ORGANIZATION FOR THE ELIMINATION OF ALL FORMS OF RACIAL DISCRIMINATION
5 route des Morillons, CP 2100. 1211 Geneva 2, Switzerland
Telephone & Fax: 788.62.33
4: The realization of economic, social and cultural rights
of the first things that come to mind in relation to racism and racial
discrimination is that it is a phenomenon, which persisted throughout
our human history and resulted in many afflictions and tragedies.
Some of the most recent tragedies that come to mind were the
premeditated plan to annihilate the native Indians, as well as, the
exploitation of Africans in the continent we know now as America.
However, what appears to be happening is that current historical
trends show us clearly that this phenomenon with its ethnic, religious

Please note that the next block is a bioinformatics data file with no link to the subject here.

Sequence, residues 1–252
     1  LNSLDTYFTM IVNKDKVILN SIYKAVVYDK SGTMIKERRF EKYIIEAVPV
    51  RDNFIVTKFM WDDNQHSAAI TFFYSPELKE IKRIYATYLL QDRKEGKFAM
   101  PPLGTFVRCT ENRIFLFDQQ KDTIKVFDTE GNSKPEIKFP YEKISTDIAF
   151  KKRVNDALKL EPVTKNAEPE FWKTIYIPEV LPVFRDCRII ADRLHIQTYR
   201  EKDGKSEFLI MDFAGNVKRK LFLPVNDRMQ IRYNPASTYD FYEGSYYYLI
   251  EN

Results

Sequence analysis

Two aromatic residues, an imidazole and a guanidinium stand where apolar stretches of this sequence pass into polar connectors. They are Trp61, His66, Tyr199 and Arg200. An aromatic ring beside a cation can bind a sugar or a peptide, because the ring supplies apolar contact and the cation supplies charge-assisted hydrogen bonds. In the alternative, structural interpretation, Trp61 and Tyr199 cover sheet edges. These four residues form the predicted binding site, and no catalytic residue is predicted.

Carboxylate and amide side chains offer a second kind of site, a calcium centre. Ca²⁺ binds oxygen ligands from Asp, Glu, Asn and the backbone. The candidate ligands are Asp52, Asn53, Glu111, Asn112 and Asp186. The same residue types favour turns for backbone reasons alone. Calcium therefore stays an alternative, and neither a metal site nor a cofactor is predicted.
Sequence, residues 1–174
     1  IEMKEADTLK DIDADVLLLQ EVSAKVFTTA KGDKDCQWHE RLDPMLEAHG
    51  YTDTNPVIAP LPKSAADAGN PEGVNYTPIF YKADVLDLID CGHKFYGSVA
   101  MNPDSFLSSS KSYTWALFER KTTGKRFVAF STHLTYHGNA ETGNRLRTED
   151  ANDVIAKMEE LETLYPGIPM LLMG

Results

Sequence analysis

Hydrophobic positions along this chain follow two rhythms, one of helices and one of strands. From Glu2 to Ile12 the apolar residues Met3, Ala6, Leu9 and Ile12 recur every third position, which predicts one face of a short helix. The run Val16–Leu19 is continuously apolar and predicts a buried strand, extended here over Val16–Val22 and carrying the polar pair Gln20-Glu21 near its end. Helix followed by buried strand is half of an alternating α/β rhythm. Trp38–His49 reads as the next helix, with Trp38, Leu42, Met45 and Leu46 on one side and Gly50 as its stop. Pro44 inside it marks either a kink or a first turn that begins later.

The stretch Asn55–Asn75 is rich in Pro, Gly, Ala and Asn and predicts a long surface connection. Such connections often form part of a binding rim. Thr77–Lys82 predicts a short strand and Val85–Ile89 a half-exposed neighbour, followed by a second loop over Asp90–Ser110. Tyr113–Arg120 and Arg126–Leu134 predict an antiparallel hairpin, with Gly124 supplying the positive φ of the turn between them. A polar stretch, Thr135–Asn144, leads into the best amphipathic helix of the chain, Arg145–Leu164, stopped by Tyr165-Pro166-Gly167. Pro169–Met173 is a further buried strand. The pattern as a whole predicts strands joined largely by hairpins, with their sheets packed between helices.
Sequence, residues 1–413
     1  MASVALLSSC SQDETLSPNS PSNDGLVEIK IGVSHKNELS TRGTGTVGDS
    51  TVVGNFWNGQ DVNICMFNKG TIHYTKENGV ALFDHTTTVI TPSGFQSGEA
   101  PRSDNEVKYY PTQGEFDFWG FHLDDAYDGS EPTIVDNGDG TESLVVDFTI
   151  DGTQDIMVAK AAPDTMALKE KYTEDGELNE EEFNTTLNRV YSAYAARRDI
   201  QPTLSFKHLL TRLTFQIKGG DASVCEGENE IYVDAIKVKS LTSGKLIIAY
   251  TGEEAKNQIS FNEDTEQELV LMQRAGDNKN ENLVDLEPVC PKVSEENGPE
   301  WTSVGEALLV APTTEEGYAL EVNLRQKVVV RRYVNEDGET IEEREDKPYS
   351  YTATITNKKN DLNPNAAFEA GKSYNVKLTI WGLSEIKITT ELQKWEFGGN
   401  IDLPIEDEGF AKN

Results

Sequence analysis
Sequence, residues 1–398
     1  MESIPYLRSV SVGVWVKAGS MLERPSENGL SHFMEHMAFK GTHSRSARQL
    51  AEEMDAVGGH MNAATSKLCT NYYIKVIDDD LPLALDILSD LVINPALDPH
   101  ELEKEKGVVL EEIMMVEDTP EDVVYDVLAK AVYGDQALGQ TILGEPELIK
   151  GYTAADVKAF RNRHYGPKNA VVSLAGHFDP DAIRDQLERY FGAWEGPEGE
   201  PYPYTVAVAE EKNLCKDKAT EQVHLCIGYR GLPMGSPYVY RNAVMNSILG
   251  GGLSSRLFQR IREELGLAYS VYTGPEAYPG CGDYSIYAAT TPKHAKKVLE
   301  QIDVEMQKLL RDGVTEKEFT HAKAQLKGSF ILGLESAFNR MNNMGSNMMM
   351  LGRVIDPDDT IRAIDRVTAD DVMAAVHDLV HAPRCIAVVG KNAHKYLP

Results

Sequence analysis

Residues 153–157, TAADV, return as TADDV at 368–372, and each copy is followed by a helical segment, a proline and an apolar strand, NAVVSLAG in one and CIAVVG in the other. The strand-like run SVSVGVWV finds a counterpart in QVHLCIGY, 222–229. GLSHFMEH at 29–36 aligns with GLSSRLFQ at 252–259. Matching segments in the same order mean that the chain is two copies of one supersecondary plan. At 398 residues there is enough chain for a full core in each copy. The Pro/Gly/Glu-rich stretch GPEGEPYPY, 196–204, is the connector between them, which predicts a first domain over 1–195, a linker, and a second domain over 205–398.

and racial elements has begun to diminish in its popularity.
Little by little, it is being replaced and re-manifested through
a new scale designed to discriminate between nations and peoples on the
basis of rich vs. poor nations and developed vs. developing countries.
The peoples of advanced nations whose progressive civilization
took strides in science and technology, in general, look condescendingly
and with a sense of superiority upon peoples of less advanced nations.
What makes the gap wider and worse for humanity is that some of
the advanced nations have constantly taken advantage of the negative
circumstances from which developing nations have suffered.
By doing so, advanced nations have gained even more power over
them and have managed to continue exhausting their resources. This is often done in devious and insidious ways that
obstruct any potential for advancement and progress.
Gradually, all of this has led to a major disparity, instability
and imbalanced states in world affairs as witnessed today especially in